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Thursday, January 25, 2007

British Medical Journal Medical Milestones: Antibiotics and Vaccines

     BMJ poll results of the most important medical advances since 1840 were released in January 2007.  Antibiotics (#2) and vaccines (#4) ranked among the top advances together with sanitation (#1) and anesthesia (#3).  The results certainly ring true in the field of pediatrics.  My grandmother is 97 years old and still healthy due to an amazing constitution.  However, her oldest sister Mary was not so lucky; she died at the age of 13 from scarlet fever.  Her youngest sister Anna almost lost her life to diphtheria and her illness kept her quarantined for many months; she was one of the lucky few to survive.  In today's world of medicine, childhood would be thankfully different for Mary and Anna because many diseases of the past are now prevented by immunization or readily treated with antibiotics, medical tools that were not yet discovered in the early 1900's.  In 1900, one third of deaths were due to infectious diseases such as diarrhea, diphtheria, measles, pneumonia, influenza, scarlet fever, tuberculosis, and whooping cough.  In 1900, >3 percent of children died between their first and 20th birthday.  Fortunately, parents are no longer faced with these forbidding statistics.  Between 1900 and 1998, the percentage of childhood deaths attributable to infectious disease declined from 61.6% to 2% in large part due to immunizations and antibiotics.  Today we focus on disease prevention.  Pediatricians use an immunization schedule that protects against 16 different diseases.  The DTP vaccine of today would have prevented Anna from contracting diphtheria.   In addition, we judiciously use antibiotics to treat infections.  Penicillin, the 'first antibiotic' was discovered in 1928 and developed for medical use in the 1940's to treat sick and wounded soldiers.  Antibiotics are used to treat and cure many infections including scarlet fever, the disease that resulted in Mary's untimely death. These advances translate into a remarkably different landscape for pediatricians today.   It is no longer commonplace for parents to lose their children to infectious disease as it was in my great-grandparents' day.  When it comes to our children, these medical milestones give us a great deal to be thankful for.  The BMJ poll results can be viewed in detail at:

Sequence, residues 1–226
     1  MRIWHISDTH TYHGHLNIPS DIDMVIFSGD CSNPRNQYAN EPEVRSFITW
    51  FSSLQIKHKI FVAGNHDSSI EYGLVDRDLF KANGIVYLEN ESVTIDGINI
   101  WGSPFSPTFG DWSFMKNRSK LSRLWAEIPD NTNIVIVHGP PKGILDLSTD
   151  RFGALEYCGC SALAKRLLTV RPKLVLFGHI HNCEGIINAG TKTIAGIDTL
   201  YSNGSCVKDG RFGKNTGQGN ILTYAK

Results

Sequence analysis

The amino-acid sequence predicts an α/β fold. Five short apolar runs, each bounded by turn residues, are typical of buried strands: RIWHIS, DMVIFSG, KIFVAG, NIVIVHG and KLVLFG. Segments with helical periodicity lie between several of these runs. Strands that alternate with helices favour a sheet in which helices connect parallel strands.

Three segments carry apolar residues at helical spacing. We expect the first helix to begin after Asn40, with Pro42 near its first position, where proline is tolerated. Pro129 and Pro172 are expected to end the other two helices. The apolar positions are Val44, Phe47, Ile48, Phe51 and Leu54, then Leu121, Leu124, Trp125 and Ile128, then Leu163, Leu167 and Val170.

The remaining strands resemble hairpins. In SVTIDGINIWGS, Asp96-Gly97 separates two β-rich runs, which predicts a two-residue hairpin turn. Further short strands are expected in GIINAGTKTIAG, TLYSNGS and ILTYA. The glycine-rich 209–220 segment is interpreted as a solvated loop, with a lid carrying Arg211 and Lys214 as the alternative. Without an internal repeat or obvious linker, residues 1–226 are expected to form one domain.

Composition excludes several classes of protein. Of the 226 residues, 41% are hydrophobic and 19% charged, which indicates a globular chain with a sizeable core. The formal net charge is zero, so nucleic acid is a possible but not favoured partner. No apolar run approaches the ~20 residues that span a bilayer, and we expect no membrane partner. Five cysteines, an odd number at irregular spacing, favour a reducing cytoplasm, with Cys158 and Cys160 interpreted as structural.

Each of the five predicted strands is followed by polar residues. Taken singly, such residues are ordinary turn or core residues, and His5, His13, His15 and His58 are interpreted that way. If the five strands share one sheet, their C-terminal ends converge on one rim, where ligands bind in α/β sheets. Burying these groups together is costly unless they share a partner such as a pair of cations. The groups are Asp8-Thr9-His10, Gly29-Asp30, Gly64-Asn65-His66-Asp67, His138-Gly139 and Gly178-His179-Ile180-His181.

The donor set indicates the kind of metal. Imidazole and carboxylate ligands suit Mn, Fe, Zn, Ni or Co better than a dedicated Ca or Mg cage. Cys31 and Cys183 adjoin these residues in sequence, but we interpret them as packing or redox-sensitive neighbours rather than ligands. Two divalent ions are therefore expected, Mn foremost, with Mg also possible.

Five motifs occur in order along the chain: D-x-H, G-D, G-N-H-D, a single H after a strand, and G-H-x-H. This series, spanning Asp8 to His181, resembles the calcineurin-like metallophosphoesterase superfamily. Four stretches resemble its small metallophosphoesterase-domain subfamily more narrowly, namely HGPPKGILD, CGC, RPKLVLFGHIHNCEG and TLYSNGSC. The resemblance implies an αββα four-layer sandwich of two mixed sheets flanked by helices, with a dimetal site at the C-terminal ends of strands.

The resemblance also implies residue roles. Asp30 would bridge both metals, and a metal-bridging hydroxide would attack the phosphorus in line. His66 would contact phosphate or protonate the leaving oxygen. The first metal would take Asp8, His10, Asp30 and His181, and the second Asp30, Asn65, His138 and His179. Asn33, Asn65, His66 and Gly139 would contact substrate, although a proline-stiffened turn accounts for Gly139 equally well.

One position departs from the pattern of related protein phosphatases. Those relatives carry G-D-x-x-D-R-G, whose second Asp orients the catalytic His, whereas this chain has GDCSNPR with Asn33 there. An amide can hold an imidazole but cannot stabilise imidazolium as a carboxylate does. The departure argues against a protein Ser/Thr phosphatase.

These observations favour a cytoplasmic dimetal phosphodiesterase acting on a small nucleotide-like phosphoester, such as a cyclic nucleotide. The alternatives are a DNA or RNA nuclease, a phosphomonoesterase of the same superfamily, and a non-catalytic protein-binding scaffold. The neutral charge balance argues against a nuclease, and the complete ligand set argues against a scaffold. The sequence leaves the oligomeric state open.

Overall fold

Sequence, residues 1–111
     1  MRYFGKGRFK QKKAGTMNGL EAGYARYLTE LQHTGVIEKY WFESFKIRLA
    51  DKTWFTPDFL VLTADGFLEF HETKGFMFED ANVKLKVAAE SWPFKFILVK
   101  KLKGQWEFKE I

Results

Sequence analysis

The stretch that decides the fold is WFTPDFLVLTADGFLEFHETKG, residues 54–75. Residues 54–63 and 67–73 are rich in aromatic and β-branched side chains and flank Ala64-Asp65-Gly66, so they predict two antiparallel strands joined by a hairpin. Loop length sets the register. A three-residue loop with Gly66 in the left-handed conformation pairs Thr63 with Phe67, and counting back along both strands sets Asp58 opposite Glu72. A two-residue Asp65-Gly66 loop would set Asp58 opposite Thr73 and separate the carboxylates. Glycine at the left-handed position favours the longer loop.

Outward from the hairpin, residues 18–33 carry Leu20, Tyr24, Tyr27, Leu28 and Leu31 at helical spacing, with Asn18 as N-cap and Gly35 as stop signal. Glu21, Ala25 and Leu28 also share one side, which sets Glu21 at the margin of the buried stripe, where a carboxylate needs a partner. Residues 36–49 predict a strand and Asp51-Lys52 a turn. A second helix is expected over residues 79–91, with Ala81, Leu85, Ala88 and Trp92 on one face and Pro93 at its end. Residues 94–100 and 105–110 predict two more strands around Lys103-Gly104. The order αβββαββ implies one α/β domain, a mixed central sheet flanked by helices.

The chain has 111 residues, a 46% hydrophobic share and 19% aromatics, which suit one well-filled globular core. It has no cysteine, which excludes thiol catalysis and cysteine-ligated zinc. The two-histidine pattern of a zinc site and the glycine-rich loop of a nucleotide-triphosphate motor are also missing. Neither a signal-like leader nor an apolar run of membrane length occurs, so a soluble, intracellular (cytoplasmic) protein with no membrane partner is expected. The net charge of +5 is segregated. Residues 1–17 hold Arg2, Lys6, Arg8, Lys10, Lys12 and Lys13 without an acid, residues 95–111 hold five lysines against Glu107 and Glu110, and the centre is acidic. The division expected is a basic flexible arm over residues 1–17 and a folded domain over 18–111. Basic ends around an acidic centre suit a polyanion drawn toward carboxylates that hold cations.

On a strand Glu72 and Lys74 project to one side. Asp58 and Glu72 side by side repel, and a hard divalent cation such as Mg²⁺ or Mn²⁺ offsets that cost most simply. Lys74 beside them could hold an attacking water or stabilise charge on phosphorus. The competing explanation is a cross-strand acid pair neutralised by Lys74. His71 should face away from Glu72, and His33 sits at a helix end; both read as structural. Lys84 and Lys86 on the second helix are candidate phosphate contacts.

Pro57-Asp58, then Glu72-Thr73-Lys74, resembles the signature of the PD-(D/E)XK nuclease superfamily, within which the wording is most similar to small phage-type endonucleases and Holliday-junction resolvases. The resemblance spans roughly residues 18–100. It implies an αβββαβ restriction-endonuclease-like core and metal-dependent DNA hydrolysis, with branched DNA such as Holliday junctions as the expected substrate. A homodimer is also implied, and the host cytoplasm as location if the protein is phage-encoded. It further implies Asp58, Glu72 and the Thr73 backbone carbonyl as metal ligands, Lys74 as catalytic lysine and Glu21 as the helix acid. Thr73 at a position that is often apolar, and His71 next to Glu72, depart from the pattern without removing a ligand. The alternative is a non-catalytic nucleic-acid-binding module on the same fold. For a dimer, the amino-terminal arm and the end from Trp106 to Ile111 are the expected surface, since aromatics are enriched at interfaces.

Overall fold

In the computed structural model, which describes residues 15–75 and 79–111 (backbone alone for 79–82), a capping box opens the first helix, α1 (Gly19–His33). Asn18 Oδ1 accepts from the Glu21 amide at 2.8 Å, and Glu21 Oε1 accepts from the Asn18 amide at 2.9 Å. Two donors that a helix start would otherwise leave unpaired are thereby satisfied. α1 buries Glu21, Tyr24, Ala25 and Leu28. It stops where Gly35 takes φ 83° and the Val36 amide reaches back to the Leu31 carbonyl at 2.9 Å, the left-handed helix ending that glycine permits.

Anonymous Anonymous said...

It's amazing how the world is changed and how fortunate we are. What are your thoughts about kids becoming immune to antibiotics? Should parents worry about this when their kids have frequently been prescribed antibiotics?

January 26, 2007 at 3:04 PM  

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